Electronic marking is not used here in the sense of 'automated marking' or 'marking software'. Instead, it refers to tutors and lecturers marking students' work on line. This page describes ways in which assignment submitted in, for example, Microsoft (MS) Word, can be efficiently marked electronically.
Instead of making extensive corrections to spelling and grammar throughout, for example, a student's essay, provide corrections and/or suggestions for only one or two paragraphs. Let the students know you have adopted this strategy and you'll be looking for improvements based on your feedback in the next piece of work.
Be careful about changing the nature of the assessment task to cater for electronic marking. The use of different types of assessment that more readily suit the electronic marking environment is justifiable as long as they simultaneously support student learning needs.
You might like to consider requiring students to incorporate, where appropriate, an assessable Table of Contents and/or an Abstract into their text-based submissions. The Table of Contents requires students to use headings in their assignment. The headings are simply collated to form the Table of Contents. The Abstract requires students to present a snapshot of their argument. This is a useful skill to develop for the contemporary workplace and overall, it's just good pedagogy that will benefit both the students and the lecturers who mark their work. The Table of Contents and/or Abstract are awarded approximately 5-10% of the total marks according to how well they express what is covered as the assignment unfolds. The Table of Contents and/or Abstract have to be a concise and sophisticated account of the student's overall argument and highlight the main points that will be covered. Whilst the marker will have to strategically work through the paper, the Table of Contents and/or Abstract act as its anchor and reference point.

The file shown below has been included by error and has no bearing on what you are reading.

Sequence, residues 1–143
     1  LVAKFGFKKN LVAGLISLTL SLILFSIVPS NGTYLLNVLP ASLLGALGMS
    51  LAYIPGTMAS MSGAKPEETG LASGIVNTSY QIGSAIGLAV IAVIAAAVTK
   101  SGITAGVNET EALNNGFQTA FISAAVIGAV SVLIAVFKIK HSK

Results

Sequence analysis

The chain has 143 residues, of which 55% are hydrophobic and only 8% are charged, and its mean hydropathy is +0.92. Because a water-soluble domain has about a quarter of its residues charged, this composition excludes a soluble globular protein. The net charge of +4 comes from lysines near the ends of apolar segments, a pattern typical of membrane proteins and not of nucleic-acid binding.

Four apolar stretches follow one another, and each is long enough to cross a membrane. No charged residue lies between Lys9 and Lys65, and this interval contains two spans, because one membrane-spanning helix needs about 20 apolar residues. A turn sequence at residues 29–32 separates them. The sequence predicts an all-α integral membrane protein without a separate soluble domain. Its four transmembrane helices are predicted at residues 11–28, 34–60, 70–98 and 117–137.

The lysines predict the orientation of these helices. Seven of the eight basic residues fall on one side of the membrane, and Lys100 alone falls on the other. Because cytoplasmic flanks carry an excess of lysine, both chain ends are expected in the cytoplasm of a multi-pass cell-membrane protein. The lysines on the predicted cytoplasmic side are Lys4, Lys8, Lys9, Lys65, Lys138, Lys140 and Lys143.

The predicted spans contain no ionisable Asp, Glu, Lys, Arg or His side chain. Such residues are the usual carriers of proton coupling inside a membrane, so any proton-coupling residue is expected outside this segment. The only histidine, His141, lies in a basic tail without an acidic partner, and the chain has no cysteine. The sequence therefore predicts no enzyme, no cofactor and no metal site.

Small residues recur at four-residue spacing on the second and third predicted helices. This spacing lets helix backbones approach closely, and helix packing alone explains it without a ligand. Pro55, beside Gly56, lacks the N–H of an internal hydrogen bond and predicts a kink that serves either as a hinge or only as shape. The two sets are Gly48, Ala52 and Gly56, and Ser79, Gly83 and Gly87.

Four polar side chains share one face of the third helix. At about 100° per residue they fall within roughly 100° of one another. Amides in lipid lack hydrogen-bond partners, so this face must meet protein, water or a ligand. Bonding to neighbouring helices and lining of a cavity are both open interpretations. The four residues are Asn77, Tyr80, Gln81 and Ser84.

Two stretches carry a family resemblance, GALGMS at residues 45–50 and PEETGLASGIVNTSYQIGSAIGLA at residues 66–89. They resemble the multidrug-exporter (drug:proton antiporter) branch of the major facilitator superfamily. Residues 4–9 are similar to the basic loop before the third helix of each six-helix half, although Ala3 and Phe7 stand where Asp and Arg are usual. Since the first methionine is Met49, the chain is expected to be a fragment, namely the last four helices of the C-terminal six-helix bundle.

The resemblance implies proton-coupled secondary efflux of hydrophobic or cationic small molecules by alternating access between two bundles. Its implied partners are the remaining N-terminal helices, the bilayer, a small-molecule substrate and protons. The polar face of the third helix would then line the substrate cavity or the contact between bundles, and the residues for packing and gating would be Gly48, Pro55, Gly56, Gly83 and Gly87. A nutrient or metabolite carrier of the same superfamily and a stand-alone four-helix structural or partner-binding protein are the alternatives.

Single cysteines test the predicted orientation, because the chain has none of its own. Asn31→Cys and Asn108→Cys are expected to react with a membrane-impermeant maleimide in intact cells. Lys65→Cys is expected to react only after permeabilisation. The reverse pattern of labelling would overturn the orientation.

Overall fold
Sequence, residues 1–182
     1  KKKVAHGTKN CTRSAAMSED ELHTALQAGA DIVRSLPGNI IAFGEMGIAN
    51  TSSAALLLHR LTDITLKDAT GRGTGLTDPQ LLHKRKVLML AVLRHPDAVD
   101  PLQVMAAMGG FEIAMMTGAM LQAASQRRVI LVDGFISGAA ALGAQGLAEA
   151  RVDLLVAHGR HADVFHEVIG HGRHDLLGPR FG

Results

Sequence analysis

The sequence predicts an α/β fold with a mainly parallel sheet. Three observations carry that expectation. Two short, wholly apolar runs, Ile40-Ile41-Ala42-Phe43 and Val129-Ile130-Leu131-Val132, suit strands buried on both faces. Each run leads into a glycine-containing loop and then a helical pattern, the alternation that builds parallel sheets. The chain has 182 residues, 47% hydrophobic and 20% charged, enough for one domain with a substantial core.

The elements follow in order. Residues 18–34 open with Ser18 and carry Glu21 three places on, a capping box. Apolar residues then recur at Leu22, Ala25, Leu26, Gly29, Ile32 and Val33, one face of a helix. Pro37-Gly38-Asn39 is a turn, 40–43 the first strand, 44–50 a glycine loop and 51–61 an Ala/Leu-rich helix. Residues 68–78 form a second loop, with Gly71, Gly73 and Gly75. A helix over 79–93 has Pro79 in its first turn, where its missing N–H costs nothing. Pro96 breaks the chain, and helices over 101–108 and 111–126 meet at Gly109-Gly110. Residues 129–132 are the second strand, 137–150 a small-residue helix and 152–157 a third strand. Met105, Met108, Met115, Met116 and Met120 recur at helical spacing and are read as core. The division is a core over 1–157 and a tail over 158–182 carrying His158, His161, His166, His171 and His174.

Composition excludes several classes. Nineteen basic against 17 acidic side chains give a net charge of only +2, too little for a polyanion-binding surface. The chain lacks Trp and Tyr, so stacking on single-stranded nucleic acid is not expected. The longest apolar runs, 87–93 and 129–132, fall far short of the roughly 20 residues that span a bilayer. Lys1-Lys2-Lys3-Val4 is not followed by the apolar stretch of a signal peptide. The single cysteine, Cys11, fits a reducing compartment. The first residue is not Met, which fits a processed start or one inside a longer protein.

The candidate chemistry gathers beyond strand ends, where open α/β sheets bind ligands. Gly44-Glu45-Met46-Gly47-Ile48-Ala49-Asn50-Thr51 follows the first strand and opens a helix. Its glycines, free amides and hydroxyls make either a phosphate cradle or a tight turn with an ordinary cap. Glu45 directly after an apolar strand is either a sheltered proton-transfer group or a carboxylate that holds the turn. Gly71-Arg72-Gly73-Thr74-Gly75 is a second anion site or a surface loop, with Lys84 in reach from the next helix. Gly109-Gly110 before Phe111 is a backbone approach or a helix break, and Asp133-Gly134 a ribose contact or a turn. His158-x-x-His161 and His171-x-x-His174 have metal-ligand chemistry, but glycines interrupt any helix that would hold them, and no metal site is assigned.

Student assignments are increasingly sent to markers as MS Word documents. Marking files in electronic format presents both challenges and opportunities for the marker. Here are some strategies for using MS Word for marking
Where do you want to go? Key commands To the beginning of the line Home To the end of the line End To the beginning of the document Ctrl+Home To the end of the document Ctrl+End
Note: if you are concerned about occupational health and safety issues with electronic marking, or any other work-related computer use, the University has procedures for addressing this issue.
A refshare database of references on electronic marking is being developed and is available to UniSA staff.
Some practical ways you can use MS Word for marking are provided here, with resources that have been contributed by staff: